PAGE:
V3-21 B Cells Are Not Deleted from the Repertoire of Normal Donors

The presence of V3-21+-expressing B cells distinguished normal individuals from patients with RA and pSS. It is possible that patients and normal individuals differ in the germline repertoire. A second possibility is that V3-21+ B cells are preferentially deleted because they correlate with RF specificity and therefore have a higher potential to be autoreactive. To address these possibilities, B cells were purified from PBMC of 10 normal individuals and 10 RA patients and were semiquantified for the expression of V3-23 and V3-21 sequences. RNA was amplified by RT-PCR with a VH3-IgM-specific primer set. The amplification product was adjusted for equal amounts of immunoglobulin sequences by hybridization with an IgM-specific probe. The adjusted material was then hybridized with oligonucleotides specific for V3-21 and V3-23. Specificity of both oligonucleotides was established in hybridization assays with VH3 sequences derived from sequenced B cell clones. The oligonucleotide hybridization assays were scanned using an AMBIS imaging system. Results are summarized in Fig. 1. All 20 donors (10 normal individuals and 10 RA patients) expressed the V3-21 as well as the V3-23 transcripts. While variations in the level of expression of V3-21 and V3-23 were detected in different individuals, there was no correlation with the presence of RA. The mean density for both VH3 elements was not different when normal donors and RA patients were compared (Fig. 1). These results demonstrate that V3-21+ B cells exist in the repertoire of normal individuals but apparently are not activated when cocultured with anti-CD3-stimulated helper T cells.

Fig. 1

Expression of V3-23 and V3-21 transcripts in unstimulated peripheral B cells of normals and RA patients

Peripheral blood lymphocytes were isolated from 10 normal donors and 10 RA patients. cDNA was amplified with VH3 and IgM specific primers. Amplified products were adjusted for equal amounts of IgM transcripts, dot blotted onto nitrocellulose membranes, and hybridized with biotinylated oligonucleotide probes specific for V3-21 or V3-23. The binding of the oligonucleotides was semiquantified using an Ambis system. Average densities of the V3-23 and V3-21 probes bound to VH3-specific transcripts from normal donors and RA patients are given.

Nonresponsiveness of V3-21 B Cells Derived from Normal Donors Can Be Overcome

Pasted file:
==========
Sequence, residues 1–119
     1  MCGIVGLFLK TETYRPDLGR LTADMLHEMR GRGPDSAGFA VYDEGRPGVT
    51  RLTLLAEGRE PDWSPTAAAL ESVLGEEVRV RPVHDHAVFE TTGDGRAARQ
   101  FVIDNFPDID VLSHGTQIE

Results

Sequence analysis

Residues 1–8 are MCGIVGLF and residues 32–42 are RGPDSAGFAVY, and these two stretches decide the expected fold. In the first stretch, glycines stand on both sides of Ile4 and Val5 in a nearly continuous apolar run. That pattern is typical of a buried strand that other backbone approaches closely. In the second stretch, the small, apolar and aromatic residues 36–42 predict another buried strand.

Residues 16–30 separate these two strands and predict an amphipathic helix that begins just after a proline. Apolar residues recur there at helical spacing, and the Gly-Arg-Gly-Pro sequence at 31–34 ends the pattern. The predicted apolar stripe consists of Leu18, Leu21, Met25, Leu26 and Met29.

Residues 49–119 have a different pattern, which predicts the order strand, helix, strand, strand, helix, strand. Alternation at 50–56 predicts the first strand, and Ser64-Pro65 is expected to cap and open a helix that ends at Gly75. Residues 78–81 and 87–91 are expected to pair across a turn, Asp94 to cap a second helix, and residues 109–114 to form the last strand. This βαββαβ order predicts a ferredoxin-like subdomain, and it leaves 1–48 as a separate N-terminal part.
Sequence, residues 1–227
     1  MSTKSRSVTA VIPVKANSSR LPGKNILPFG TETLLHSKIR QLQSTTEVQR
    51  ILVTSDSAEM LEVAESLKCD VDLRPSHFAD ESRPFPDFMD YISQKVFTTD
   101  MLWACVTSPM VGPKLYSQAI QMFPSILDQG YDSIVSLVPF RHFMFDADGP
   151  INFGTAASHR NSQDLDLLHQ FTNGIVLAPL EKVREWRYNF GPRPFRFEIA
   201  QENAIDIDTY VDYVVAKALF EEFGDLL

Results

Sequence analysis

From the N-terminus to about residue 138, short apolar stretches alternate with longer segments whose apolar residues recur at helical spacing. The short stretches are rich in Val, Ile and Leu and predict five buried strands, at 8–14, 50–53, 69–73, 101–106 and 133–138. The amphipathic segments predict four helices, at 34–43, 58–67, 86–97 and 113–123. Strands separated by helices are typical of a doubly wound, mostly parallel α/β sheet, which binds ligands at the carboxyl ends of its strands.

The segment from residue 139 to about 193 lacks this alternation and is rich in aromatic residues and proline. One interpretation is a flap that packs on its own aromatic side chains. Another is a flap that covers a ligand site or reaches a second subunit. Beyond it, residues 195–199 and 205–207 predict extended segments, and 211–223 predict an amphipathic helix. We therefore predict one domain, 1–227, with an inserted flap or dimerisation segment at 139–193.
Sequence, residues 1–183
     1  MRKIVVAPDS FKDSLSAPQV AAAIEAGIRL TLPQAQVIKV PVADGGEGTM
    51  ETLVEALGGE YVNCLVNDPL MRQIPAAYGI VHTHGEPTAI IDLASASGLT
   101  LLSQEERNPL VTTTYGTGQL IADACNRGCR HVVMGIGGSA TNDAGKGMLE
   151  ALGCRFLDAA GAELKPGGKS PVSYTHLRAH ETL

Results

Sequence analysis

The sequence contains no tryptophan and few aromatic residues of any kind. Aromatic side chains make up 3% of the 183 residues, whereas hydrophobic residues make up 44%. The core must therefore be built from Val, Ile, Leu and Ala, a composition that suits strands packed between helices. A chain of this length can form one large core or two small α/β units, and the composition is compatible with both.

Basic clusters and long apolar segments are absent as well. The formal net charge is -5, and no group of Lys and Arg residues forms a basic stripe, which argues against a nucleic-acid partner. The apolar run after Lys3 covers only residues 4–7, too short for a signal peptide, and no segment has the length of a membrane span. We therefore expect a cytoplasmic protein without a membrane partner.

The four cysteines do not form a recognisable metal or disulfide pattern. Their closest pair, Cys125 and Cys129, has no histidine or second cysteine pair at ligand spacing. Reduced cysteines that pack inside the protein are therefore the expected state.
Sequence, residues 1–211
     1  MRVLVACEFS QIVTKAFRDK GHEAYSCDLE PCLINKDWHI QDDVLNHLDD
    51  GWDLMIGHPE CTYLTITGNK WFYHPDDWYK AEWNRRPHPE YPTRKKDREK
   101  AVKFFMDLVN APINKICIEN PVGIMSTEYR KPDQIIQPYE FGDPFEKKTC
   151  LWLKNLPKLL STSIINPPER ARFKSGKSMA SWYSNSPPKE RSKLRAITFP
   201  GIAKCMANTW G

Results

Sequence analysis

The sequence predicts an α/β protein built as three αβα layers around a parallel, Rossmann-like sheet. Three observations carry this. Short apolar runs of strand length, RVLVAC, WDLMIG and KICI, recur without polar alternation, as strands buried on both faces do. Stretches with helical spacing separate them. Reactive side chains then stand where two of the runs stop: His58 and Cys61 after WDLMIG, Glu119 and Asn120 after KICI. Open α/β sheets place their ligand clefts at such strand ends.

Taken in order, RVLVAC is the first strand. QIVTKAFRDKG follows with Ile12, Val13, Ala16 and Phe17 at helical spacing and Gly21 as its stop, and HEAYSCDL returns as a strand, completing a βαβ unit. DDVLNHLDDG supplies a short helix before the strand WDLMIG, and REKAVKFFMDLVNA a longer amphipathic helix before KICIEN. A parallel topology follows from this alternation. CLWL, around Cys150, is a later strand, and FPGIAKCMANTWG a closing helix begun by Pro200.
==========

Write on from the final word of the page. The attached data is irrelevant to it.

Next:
Our data indicated that V3-21+ B cells are present in the repertoire of normal individuals but they remained nonresponsive to anti-CD3-stimulated T cell clones. To further address this hypothesis, we explored different stimulation conditions with the goal to identify stimuli that could activate V3-21 B cells from normal individuals. We have recently described that the bacterial superantigen SE D can induce the preferential production of antibodies with RF specificity. Molecular analysis has indicated that the B cell population responsive to SE D includes V3-21+ B cells. We therefore compared the proliferation of V3-21+ and V3-23+ B cells under the two culture conditions, coculture with anti-CD3-activated T cells and coculture with T cells and SE D. Microcultures were harvested after 20 days and expression of V3-23 and V3-21 sequences were semiquantified by VH3-specific PCR and subsequent oligonucleotide-specific hybridization. Figure 2 shows the results from three normal individuals. Both, stimulation in the presence of anti-CD3-activated T cells and stimulation with SE D resulted in the induction of high concentrations of V3-23 transcripts. A different picture emerged for V3-21+ B cells. While V3-21 B cells essentially disappeared from the cultures which were anti-CD3 driven, they proliferated extensively in the presence of SE D. Thus, the activation with SE D can overcome nonresponsiveness of V3-21+ B cells in normal individuals. These B cells are present in the B cell repertoire of normal healthy individuals but remain unresponsive toward helper signals provided by anti-CD3-activated T cells.

Fig. 2

Stimulation with the bacterial superantigen SE D activates V3-21 + B cells which are nonresponsive to anti-CD3-driven T cells

B cells were isolated from the peripheral blood of three donors and cocultured with either anti-CD3-activated LAB1-10 T cells or LAB1-10 and SE D. Cells were harvested after 20 days. cDNA was amplified with VH3- and IgM-specific primers and the concentration of V3-23 and V3-21 transcripts were semiquantified as described in Fig. 1. V3-23+ B cells were activated by both, anti-CD3-stimulated as well as superantigen-stimulated T cells. V3-21+ B cells were nonresponsive to anti-CD3-driven T helper cells but responded in the presence of SE D. (■, Donor 1; , Donor 2; □, Donor 3).


Production of RF represents a major immunological abnormality in patients with RA (13). Although it has been speculated that RFs are antibodies directed against a disease-relevant antigen, the characteristics of the RF response lends only limited support to this model. RFs are highly heterogeneous in their antigen specificity, are mostly of the IgM subtype, and usually do not increase in titer with chronic progression of the disease. Data presented here indicate that RA patients carry a subset of B cells which is altered in its responsiveness toward stimulatory signals. B cells with the potential to secrete RFs are present in normal individuals in frequencies which are indistinguishable from those in RA patients. However, in nonrheumatoid donors, these B cells remain unresponsive to signals provided by anti-CD3-stimulated T cells. In RA patients, these signals are sufficient to induce clonal expansion of these B cells and antibody secretion.